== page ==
He didn't get a chance to eat the Cuban sandwich and plantain chips laid at his table Monday at Arco Iris Restaurant in West Tampa, but U.S. Senate hopeful Patrick Murphy left the small cafe with support from a host of political activists.
Much of Murphy's brief stop with state Rep. Janet Cruz, who will be the House Democratic leader after the Nov. 8 election, was spent blasting his opponent, incumbent U.S. Sen. Marco Rubio, on everything from Zika funding to immigration and health care reform laws.
"Guess what, it takes an Irishman to speak on behalf of the Latinos on immigration. It takes an Irishman to protect the rights of families and say, 'I'll work on a path to citizenship,' " Cruz said of Murphy as he settled in at a long table of supporters. "It's a Latino that we have in the Senate that is speaking out against our own people."
Immigration reform is key to strengthening the economy, said Murphy, a South Florida congressman. Borders should be secured and laws enforced, he said, but with a clear pathway to citizenship so kids aren't "graduating from school and getting kicked out the next day."
Immigration reform would reduce the U.S. deficit by almost $1 trillion, he said. Rubio, the son of Cuban immigrants, used to be a champion of immigration reform but flip-flopped to appease donors, Murphy said. He's now blocking legislation and supporting presidential candidate Donald Trump, whose stances Murphy called "un-American."
The voting precincts surrounding Arco Iris include a diverse Latino community that has supported Democrats for "100 years," said business consultant Elio Muller. Most of the people in the small restaurant Monday were Murphy supporters and such intimate community appearances will become even more important for the candidate now that the Democratic Party has cut ad spending in Florida to about $6 million, down from an anticipated $10 million.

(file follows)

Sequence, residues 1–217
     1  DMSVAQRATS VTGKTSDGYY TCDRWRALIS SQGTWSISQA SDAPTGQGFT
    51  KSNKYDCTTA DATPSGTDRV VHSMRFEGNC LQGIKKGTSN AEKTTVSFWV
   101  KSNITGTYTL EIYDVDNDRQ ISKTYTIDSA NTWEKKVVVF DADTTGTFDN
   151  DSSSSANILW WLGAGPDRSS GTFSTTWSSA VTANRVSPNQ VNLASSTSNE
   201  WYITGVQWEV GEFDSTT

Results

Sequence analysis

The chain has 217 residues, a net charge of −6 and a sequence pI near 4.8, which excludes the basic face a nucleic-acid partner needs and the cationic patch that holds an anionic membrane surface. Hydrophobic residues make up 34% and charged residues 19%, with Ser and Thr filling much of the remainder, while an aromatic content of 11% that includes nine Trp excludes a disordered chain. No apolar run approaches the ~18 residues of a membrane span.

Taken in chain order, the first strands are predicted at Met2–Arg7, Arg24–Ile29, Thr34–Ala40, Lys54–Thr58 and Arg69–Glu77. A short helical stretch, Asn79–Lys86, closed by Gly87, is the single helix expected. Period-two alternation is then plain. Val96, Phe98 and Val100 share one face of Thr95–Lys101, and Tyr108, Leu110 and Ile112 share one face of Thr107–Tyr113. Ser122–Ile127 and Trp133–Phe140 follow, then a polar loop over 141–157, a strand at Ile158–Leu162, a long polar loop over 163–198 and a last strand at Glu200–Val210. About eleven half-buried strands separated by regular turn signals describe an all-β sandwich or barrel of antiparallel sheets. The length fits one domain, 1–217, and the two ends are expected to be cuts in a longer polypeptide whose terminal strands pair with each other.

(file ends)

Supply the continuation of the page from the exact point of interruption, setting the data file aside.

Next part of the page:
Murphy acknowledged that Rubio still has more name recognition, but said polls place the two in a "dead heat." A poll released Monday from the New York Times and Siena College Research Institute showed Rubio ahead by 6 points.
Murphy, 33, attempted to counter the image that his political success is due to backing from his wealthy family by discussing his upbringing in the Florida Keys, where his first job was as a "day laborer, digging holes and pouring concrete" for a construction company his father built "out of the back of his truck."
If elected, he would be the second certified public accountant in history to serve in the U.S. Senate, he said, a background that would help him tackle issues such as income inequality.
"I would like to see (Rubio) look some of those workers in the eye, maybe some in this restaurant, and tell them it's a waste of time to raise the minimum wage," Murphy said.
Outside the oversized windows of the cafe stood three men in sailor caps holding oversized silver spoons, gold balloons and signs with phrases including "Daddy's money can't buy courage." A fourth was dressed in a chicken costume because Murphy is too "chicken" to participate in debates, said Gabriel Phillips of Tampa. Phillips said he plans on voting for Rubio.
It was fitting to see protesters freely expressing their opinions, said Carlos Ramos, finance director for Florida House Victory, a liberal group supporting Murphy.
Ramos' parents emigrated from Cuba during the Cuban Revolution after his grandmother's sister spent a year in prison for her romantic relationship with a man who opposed the government. It was their dream to come to a country where opinions could be shared and challenged.
"If people like Marco Rubio or Donald Trump are in office, my family's story is impossible," Ramos said. "It's a lot less likely that I would be here."
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